The International Solar Alliance (ISA) began its first summit in New Delhi on Sunday with co-hosts France and India stressing the need for concrete action in the areas of innovative financing and technology.
The ISA is an inter-governmental organisation that aims to help sunshine-rich countries around the world harness solar energy at an affordable cost.
Launched on November 30, 2015, on the sidelines of the Paris Climate Change conference, the alliance currently has a goal of enabling production of 1 trillion watts of solar power by 2030.
So far 61 countries have signed up and another 32 have ratified the treaty. Heads of states of 24 countries including Australia and Sri Lanka are attending the two-day founding summit.
French President Emmanuel Macron, delivering the inaugural address, called on private industry and international financial institutions to become agents of change by pitching in.
Macron said France's international development agency was committing an additional $700mn to solar energy by 2022, taking its total investment in financing solar projects in ISA member countries to $1bn.
Indian Prime Minister Modi flagged the need for investment in better and more accessible solar technology, concessionary finance for solar projects and easing of regulatory mechanisms.
Both leaders also mentioned a need to invest in skills development in the sector.
"Financing together, sharing expertise, innovative technology - along with total transparency at the top," was what the ISA was all about, Macron said.
French President Emmanuel Macron meets with members of the "solar mamas" -- a group of rural solar engineers -- in New Delhi on Sunday.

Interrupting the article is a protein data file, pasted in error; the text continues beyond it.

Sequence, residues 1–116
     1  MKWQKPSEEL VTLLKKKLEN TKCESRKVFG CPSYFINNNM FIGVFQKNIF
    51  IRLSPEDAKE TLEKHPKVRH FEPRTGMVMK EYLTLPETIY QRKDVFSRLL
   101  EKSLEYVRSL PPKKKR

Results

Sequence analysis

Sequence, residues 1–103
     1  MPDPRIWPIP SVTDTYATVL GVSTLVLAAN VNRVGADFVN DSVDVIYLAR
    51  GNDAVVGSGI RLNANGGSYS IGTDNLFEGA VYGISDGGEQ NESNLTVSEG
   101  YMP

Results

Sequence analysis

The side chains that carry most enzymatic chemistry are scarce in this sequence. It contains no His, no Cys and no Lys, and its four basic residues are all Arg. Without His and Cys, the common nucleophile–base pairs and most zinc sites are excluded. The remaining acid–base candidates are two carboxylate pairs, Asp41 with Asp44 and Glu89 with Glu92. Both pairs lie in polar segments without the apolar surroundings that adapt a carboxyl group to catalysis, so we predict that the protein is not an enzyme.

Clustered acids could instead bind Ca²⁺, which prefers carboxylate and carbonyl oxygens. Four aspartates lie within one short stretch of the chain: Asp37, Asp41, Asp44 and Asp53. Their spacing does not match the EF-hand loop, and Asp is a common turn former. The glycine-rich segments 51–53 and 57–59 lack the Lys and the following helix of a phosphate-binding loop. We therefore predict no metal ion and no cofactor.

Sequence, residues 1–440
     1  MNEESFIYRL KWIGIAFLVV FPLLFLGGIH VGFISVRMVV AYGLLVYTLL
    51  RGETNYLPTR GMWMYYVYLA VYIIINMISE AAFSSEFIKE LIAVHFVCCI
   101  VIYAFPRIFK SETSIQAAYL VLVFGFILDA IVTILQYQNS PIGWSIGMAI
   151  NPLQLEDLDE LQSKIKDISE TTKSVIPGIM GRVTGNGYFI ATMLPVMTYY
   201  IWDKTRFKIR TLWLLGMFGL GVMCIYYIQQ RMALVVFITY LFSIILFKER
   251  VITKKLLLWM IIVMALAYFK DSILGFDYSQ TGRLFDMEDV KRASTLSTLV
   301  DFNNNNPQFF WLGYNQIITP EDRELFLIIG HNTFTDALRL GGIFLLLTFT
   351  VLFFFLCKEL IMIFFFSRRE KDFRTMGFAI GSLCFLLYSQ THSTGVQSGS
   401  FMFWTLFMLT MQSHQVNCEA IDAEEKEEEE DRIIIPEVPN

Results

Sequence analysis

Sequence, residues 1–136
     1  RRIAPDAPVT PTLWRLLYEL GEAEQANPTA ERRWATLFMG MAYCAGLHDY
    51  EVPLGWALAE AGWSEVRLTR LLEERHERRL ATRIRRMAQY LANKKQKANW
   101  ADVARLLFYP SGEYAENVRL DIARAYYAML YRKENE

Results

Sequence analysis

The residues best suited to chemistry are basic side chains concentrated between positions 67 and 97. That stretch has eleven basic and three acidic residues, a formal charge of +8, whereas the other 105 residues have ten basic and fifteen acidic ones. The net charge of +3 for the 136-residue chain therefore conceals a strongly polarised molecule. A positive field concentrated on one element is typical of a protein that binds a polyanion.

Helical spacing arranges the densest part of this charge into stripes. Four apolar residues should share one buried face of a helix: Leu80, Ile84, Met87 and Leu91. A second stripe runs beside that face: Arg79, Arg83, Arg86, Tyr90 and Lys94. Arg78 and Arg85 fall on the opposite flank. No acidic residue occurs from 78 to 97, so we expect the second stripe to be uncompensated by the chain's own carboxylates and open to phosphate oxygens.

Modi -- who has committed to reducing India's sizeable carbon footprint through a massive scale-up in renewable energy -- said it was vital that nations were not priced out.
"We have to make sure that a better and cost-effective solar technology is available to all," Modi told the gathering of investors and world leaders from about 20 mainly African nations.
"We will have to increase solar in our energy mix."
India, the world's third-largest polluter, is undergoing spectacular growth in its solar sector and is on track to become one of the world's largest clean energy markets.
It pledged at the Paris climate summit in 2015 to source at least 40% of its energy from renewables by 2030, mainly via solar.
The energy-hungry giant of 1.25 billion people is banking on solar to electrify homes for hundreds of millions of its poorest citizens without adding to its considerable emissions output.
Macron and Modi hope the alliance will spur $1tn in new solar spending by 2030 in 121 countries lacking investment in the sector.
These countries have "the paradox of being the sunniest in the world while enjoying the least solar energy," said Ségolène Royal, a former French minister in India as a special envoy for the alliance.
Macron told world leaders in Paris in December that "we are losing the battle" against climate change and urged faster action to combat global warming.
The French leader called on private sector attendees in New Delhi to engage more actively because "solar investments are becoming more profitable".
He and Modi will open a new 100 megawatt solar plant near the holy Indian city of Varanasi on Monday. The French leader will also visit the Taj Mahal in Agra later on Sunday.
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